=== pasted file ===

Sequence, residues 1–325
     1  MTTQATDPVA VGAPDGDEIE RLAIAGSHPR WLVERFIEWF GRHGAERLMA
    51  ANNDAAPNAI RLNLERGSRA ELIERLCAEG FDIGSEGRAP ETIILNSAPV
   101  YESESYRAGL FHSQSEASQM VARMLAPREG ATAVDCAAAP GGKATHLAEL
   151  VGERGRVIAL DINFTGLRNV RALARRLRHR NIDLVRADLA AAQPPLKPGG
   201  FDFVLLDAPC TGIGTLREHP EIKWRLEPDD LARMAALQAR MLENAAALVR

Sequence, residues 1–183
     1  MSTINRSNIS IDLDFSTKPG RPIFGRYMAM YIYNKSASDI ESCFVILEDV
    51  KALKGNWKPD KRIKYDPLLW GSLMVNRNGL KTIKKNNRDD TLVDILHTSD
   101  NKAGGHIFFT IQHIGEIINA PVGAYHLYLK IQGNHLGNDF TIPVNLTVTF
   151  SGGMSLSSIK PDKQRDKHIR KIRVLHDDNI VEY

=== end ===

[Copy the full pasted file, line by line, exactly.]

Sequence, residues 1–325
     1  MTTQATDPVA VGAPDGDEIE RLAIAGSHPR WLVERFIEWF GRHGAERLMA
    51  ANNDAAPNAI RLNLERGSRA ELIERLCAEG FDIGSEGRAP ETIILNSAPV
   101  YESESYRAGL FHSQSEASQM VARMLAPREG ATAVDCAAAP GGKATHLAEL
   151  VGERGRVIAL DINFTGLRNV RALARRLRHR NIDLVRADLA AAQPPLKPGG
   201  FDFVLLDAPC TGIGTLREHP EIKWRLEPDD LARMAALQAR MLENAAALVR

Sequence, residues 1–183
     1  MSTINRSNIS IDLDFSTKPG RPIFGRYMAM YIYNKSASDI ESCFVILEDV
    51  KALKGNWKPD KRIKYDPLLW GSLMVNRNGL KTIKKNNRDD TLVDILHTSD
   101  NKAGGHIFFT IQHIGEIINA PVGAYHLYLK IQGNHLGNDF TIPVNLTVTF
   151  SGGMSLSSIK PDKQRDKHIR KIRVLHDDNI VEY